In the present invention, checkpointing is periodically performed to dedicated checkpoint files 208. The actual checkpointing process involves copying all of the modified data from main memory 205 (and record cache 209) directly into the checkpoint files 208 with one or more sequential I/O operations. In other words, the modified records are written to the checkpoint files 208 in one continuous, uninterrupted bit stream. By performing the writing sequentially, checkpointing can be performed much faster than conventional checkpointing techniques which write modified data back to the database with numerous random, scattered I/O operations. Each scattered I/O operation requires its own seek to move the transducers to the actual physical location of the data to be modified. In contrast, the present invention writes the modified data in a continuous, sequential stream. By writing the data sequentially, the time for performing a checkpoint can be reduced, as an example, from four hours to just five to ten minutes.

Similarly, during recovery, the present invention reads the data back sequentially from the checkpoint files 208 corresponding to the most recent checkpoint and loads it into the main memory 205. In contrast, the prior art recovery procedure requires that the data be accessed on a piecemeal basis whereupon, data is loaded one piece at a time from the database into the main memory. Hence, the present invention significantly improves recovery time as well. With the present invention, once the main memory has been loaded with the contents of the most recent checkpointed data, the log files 207 are accessed to update the data to account for the changes made from the time of the most recent checkpoint to the time of the failure. Thereby, after the server node crashes and loses all data stored in its main memory, the recovery process loads the main memory with a replica of the lost data by reading the data that was copied into the checkpoint files and log files as retained by their respective hard disk drives. Thereupon, the server 204 can continue with its normal mode of operation. Eventually, the modified data in the checkpoint files are written back to the database residing on disk array 206.

In the currently preferred embodiment, several different hard disk drives 208, 210 and 211 are used as dedicated storage devices for the checkpoint files. In this manner, when a checkpoint process is initiated, modified data can be written to these hard disk drives simultaneously. As a result, this enhanced parallel transfer of data further speeds up the checkpointing process. Likewise, recovery can be finished much faster by reading the data back simultaneously through all three disk drives. It should also be noted that disk drives have different speeds (i.e., seek times). Some disk drives are faster, but they are more expensive. In the past, since checkpointing was to the database, all of the corresponding database disk drives (e.g., upwards of hundreds of disk drives 206) had to be fast in order to improve checkpointing and recovery times. However, with the present invention, the fastest disk drives can be used for storing the checkpoint and log files. Rather than spending money purchasing hundreds of high-speed disk drives, the present invention allows the database administrator to purchase only a few high-speed disk drives to achieve fast checkpointing and recovery. Furthermore, by implementing segregated disk drives for storing the checkpointing files, contentions are minimized because they are not accessed by any other processes.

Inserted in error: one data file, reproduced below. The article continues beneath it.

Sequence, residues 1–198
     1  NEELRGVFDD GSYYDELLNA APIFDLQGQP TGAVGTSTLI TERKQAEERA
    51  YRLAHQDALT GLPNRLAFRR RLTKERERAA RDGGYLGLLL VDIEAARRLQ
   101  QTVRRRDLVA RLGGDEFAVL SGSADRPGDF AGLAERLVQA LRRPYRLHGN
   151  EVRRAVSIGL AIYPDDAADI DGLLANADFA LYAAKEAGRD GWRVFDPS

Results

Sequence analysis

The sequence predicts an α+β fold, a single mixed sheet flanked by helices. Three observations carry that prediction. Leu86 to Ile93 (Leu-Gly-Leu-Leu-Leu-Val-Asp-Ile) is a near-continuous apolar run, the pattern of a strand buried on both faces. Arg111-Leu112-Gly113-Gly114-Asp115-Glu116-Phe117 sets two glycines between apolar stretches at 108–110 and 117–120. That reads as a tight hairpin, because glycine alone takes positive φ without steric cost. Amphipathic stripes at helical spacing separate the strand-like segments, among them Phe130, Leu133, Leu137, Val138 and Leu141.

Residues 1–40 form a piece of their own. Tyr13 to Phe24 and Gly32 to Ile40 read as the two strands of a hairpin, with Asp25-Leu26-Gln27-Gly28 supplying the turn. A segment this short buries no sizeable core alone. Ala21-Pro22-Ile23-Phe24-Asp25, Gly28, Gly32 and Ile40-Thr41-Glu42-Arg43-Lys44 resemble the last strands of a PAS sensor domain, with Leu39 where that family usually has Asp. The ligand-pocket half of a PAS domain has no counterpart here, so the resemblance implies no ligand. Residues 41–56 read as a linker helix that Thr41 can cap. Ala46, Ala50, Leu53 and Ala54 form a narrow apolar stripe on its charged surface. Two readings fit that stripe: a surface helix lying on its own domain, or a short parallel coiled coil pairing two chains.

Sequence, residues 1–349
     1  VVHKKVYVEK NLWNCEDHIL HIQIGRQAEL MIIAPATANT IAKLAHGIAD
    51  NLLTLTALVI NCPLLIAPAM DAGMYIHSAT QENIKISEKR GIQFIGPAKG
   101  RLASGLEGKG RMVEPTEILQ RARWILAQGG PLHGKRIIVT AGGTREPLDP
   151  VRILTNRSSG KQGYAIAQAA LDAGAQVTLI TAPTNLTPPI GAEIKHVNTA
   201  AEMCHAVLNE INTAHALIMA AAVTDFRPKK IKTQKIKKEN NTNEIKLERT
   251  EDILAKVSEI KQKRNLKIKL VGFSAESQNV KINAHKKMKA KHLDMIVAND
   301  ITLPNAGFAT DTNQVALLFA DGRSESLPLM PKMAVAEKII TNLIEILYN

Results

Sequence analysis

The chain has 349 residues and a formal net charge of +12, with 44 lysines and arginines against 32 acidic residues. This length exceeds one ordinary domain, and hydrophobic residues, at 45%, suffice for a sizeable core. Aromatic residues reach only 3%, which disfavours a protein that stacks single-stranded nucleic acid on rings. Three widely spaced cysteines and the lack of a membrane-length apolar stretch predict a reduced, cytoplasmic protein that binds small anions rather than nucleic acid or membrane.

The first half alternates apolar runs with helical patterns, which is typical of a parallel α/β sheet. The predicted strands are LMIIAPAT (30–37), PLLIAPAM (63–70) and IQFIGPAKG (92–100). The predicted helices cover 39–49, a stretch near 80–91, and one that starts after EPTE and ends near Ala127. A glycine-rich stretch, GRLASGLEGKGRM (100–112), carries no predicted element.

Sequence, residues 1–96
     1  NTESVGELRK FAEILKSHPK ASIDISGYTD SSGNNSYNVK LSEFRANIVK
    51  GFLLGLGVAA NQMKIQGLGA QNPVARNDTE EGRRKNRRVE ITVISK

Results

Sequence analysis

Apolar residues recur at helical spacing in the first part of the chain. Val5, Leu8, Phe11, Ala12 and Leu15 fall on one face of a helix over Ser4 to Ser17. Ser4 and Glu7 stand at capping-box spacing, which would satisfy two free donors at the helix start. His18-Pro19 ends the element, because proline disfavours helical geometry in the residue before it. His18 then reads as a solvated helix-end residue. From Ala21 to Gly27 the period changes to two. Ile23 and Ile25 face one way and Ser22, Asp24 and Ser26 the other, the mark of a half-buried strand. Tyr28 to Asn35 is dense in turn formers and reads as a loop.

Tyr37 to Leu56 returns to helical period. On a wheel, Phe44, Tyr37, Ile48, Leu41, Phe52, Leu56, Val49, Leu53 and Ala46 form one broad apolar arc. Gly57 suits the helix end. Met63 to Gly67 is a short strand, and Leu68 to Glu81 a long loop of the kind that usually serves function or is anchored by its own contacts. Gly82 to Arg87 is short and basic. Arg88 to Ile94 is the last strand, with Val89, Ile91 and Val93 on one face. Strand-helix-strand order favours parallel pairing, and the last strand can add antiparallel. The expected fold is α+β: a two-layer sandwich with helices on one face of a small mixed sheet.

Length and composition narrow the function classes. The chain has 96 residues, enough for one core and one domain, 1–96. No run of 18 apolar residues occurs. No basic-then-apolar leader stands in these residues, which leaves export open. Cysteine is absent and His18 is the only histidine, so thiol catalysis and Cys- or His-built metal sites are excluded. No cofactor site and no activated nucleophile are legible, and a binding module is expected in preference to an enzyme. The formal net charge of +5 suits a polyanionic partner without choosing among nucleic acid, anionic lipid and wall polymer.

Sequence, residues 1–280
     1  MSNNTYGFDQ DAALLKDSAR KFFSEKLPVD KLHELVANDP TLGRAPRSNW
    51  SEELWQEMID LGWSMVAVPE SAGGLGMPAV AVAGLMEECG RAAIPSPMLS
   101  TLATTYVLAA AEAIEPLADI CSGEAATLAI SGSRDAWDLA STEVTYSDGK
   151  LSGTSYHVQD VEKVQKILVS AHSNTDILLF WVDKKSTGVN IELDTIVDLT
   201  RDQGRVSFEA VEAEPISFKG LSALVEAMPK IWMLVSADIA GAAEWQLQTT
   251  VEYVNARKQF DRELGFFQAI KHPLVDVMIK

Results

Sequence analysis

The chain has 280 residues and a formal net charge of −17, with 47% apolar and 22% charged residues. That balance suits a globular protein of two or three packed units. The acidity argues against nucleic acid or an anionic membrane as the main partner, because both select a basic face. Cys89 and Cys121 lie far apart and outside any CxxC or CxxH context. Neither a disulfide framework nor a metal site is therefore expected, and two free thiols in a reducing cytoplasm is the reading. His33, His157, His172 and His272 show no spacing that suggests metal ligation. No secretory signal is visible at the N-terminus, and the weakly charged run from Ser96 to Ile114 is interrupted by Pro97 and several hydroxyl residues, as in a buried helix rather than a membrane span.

FIG. 3 shows how an instance 302 of a database management system (DBMS) running on server 301 acts as an interface between clients 303-305 and a database residing within mass storage 306. An instance 302 is a particular execution of the DBMS on server 301. Applications, such as payroll, inventory, human resources, etc., running on clients 303-305 interact with a corresponding server process 307-309. When a user signs on to a client, a connection is established between that client and server 301; one or more server processes are then spawned. These server processes, together with other dedicated processes 310-315, perform the requested tasks (e.g., fetch data, store data, edit data, etc.) with respect to the database. The server processes include a rollback process 313, a log writing process 311, a system monitor process 315, a checkpoint process 314, and a recovery process 312.

The rollback process 313 performs a rollback function whenever an in-progress transaction is deliberately halted by the user or when a transaction is prematurely halted due to server failure. In the first instance, a user controls whether a proposed transaction is allowed to be actually carried out. If the user wishes to cancel the proposed transaction, the rollback process renders that particular transaction ineffectual so that it has no effect whatsoever on the contents of the database. In other words, the rollback process cancels the proposed transaction so that, as far as the system in concerned, it is as if the transaction had never been entered. Otherwise, if the user is satisfied with the proposed transaction, the transaction is committed. Rollback is made possible by the log writing process 311, which writes information regarding in-flight transactions into a redo log 316. Copies of every transaction (e.g., a before image copy and an after image copy) which modify main memory 317 are stored in an undo log 317 and redo log 316. Each server contains its own copy of an undo log 317 for recording transactions associated with its clients. Each time a record is altered, the before image copy of that record is stored in the undo log 317. A common redo log 316 is used to store an after image copy of the altered record after the transaction is committed. Checkpoint process 314 is used to periodically read modified data from the shared memory 317 and store that data to checkpoint storage device 320. System monitor process 315 is used to perform any recovery that is needed at startup. It is also used to check the functionality of other services hooked up to the network and performs recovery in case of failures.